Have you tried
                  Code:
                  Expert Spring MVC and Web Flow
                  Copyright  Apress 2006 by Seth Ladd, Darren Davison, Steven Devijver, and Colin Yates
                  ISBN-13 (pbk): 978-1-59059-584-8
                  ISBN-10 (pbk): 1-59059-584-X
                  There's Ch. 10 'Testing Spring MVC Applications' where guys are talking about testing domain objects in JUnit environment using jMock http://www.jmock.org
                  Having said that I still prefer integration testing for domain objects. Mine are usually buckets. Their business responsibilities are limited to domain validation only. These validation rules are captured by Hibernate validator annotations and therefore integration testing looks to me as the only viable way doing things.

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                  • #10


                    Originally posted by Arno Werr View Post
                    Object-oriented zealot are we? Hm... Same here, same here...
                    Zealot? Me?

                    I would like to thing that I can be reasoned with, in the name of practicality. At the end of the day, we have an application to roll out, and it can't be "good design" if it just doesn't do what you want it to do, does it?

                    I've read Expert Spring MVC and Web Flow, and it's an excellent book. However, my problem really has nothing to do with Spring MVC, or Hibernate, or any framework for that matter. After all, isn't the whole philosophy behind POJOs and IoC that the code can exist with or without any technology/framework/container?

                    Originally posted by Arno Werr View Post
                    Having said that I still prefer integration testing for domain objects. Mine are usually buckets. Their business responsibilities are limited to domain validation only. These validation rules are captured by Hibernate validator annotations and therefore integration testing looks to me as the only viable way doing things.
                    We actually strive for non-anemic domain objects. That is - they also have behavior and business rules, so there is stuff to test.

                    Let me try to restate my question, more generally: how can we write tests that make assertions regarding an object's state, without compromising encapsulation? One idea we came up with, but haven't tried yet, is to use reflection in our test-code, to "open-up" the object for inspection. Has anyone tried this approach?

                    Naaman

                    Comment


                    • #11
                      Its funny you should talk about reflection, I was having the same discussion with a colleague about this thread. You could use it to do you testing, but it just feels so heavy handed.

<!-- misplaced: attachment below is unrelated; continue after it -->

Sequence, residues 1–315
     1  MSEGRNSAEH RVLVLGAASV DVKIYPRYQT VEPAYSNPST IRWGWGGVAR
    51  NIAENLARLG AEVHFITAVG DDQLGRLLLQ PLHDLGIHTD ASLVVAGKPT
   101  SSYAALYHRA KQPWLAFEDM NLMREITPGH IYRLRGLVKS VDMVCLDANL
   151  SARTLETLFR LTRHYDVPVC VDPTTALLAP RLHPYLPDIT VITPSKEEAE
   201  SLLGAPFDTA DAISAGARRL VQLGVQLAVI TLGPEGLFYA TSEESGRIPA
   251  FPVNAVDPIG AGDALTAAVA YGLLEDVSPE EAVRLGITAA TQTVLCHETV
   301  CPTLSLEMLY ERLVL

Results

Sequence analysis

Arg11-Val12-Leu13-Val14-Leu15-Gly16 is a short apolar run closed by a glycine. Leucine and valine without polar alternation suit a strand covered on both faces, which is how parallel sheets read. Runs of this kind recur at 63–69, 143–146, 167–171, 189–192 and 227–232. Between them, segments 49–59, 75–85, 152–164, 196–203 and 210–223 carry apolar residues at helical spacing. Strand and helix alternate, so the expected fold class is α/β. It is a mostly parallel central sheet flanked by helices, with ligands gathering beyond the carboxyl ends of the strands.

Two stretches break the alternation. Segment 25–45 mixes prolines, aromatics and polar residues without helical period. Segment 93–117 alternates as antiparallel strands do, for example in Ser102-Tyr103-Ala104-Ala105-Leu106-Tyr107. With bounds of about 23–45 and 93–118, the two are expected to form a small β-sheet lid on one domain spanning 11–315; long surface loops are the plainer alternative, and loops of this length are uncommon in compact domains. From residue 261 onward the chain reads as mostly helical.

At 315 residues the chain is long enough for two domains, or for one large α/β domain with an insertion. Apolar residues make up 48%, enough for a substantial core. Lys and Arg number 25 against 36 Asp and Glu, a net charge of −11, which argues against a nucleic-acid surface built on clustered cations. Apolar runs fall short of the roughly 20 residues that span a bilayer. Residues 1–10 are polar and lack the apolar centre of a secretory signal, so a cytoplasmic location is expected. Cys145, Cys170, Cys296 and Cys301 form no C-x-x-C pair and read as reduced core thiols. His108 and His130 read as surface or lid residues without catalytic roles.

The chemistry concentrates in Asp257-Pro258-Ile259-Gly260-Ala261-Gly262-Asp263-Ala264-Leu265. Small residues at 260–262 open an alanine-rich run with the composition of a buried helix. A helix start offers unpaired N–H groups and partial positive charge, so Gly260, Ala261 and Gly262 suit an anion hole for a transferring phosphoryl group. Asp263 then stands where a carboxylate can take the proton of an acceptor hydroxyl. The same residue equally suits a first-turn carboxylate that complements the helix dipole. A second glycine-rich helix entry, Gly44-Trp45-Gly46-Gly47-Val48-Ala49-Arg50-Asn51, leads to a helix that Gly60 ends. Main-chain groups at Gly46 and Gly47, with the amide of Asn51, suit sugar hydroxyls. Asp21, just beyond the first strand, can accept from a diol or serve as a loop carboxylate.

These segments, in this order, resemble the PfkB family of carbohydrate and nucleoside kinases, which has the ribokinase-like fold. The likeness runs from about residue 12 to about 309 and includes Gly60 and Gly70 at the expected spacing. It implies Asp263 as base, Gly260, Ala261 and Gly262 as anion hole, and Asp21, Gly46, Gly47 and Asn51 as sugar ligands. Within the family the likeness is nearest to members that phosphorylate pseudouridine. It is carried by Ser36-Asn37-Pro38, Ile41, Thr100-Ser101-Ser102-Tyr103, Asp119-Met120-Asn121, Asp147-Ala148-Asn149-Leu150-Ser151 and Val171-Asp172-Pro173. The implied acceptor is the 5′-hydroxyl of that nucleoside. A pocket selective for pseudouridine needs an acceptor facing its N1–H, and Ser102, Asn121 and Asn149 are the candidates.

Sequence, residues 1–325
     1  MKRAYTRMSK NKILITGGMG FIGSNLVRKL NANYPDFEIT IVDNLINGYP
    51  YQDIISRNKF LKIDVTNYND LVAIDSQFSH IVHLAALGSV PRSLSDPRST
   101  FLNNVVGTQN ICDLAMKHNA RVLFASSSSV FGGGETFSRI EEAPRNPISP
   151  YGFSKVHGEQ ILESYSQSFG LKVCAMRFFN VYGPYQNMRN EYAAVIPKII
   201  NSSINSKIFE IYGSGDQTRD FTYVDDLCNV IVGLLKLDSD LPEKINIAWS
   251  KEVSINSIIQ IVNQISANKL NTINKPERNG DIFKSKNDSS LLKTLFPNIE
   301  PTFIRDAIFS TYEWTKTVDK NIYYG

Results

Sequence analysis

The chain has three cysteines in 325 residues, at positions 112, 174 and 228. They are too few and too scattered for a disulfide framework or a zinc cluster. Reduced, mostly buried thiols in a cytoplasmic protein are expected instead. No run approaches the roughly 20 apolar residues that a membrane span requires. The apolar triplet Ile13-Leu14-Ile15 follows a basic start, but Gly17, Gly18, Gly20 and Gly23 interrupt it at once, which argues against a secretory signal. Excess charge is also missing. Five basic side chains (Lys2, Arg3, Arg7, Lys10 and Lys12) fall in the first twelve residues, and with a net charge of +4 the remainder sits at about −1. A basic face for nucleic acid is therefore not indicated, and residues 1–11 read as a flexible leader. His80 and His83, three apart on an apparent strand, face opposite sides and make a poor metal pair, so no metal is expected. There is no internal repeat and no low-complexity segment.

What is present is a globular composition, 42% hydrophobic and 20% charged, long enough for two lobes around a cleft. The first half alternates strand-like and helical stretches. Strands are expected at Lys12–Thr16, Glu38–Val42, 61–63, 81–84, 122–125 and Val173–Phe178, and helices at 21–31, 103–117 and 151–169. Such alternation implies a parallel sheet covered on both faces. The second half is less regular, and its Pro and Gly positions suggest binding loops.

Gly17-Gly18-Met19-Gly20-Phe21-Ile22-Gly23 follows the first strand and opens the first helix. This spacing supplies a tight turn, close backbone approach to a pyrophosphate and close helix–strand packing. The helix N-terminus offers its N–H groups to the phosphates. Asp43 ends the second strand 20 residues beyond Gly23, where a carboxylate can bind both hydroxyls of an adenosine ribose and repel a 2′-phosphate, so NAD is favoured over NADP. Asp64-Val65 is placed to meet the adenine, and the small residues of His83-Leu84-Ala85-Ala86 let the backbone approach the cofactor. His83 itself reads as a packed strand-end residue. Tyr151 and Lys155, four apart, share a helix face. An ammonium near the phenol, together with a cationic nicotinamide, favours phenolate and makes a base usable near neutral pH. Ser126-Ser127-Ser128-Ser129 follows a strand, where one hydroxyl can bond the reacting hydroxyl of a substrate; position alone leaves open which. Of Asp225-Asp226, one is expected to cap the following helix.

The nice thing is if you are using injection you can plug-in test versions of the objects. It might help to have a concrete example to work with here and we could come up with a way of testing it.

                      Comment


                      • #12
                        One problem with reflection (apart from being heavy) is that you can't rely on the compiler to let you know when method signatures change.

                        And because its test code one would always want to work with the real object without adding proxies and stuff just for testing the object.

                        If you are ok with proxies, you could have additional test interfaces for these domain objects which are mixed in using AOP. And the objects themselves would have to implement the getters and setters, though their business interfaces need not necessarily expose them.

                        Comment


                        • #13
                          Examples

                          Originally posted by karldmoore View Post
                          It might help to have a concrete example to work with here and we could come up with a way of testing it.
                          Agreed. Let me try to describe some of the problems we are facing.

                          Example 1:

                          We decided not to provide public constructors, but instead, provide each class with a public static factory method as the only means of getting a new instance. This ensures that all objects are always constructed properly (e.g. we provide initial values for fields that must not be null etc.). Furthermore, we don't provide setters for the private members, because most of them should not be changed directly by other objects. However, in our tests we sometime want to create instances with messed-up state. We do this because we want to test our code against illegal, as well as legal, input.

                          Example 2:

                          As I may have mentioned, we use Hibernate. When we test our repositories (i.e. DAOs), we want to make sure all mapped properties were populated. However, we do not want to provide getters for all private members of the class, since this compromises encapsulation completely.

                          Originally posted by sabarish View Post
                          If you are ok with proxies, you could have additional test interfaces for these domain objects which are mixed in using AOP. And the objects themselves would have to implement the getters and setters, though their business interfaces need not necessarily expose them.
                          So we can provide getters, setters and constructors for the classes, but have everybody (except the tests) use them through interfaces, which are narrower. Interesting...

                          I'm not sure I understand why I would need AOP for this, though. Could you elaborate on that please?

                          Comment


                          • #14
                            Originally posted by nlif View Post
                            So we can provide getters, setters and constructors for the classes, but have everybody (except the tests) use them through interfaces, which are narrower. Interesting...
                            Exactly. So, though we are compromising on encapsulation, we can use the right layer specific abstractions (kind of different views of the same object) to keep things cleaner.

                            We need AOP or something similar because our domain objects are not going to implement these 'test interfaces'.

                            This is similar to the discussion that happened earlier on allowing presentation layer to access domain object getters and setters. So the ways to do it would be similar. Sergio's XT modeling framework, part of Spring Modules, may make it easier in case you are using JDK 5.0.

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                            • #15
                              AOP, mixings, introspection, reflection just for simple sanity check.
                              It's all hot and interesting but definitely is not my interpretation of kiss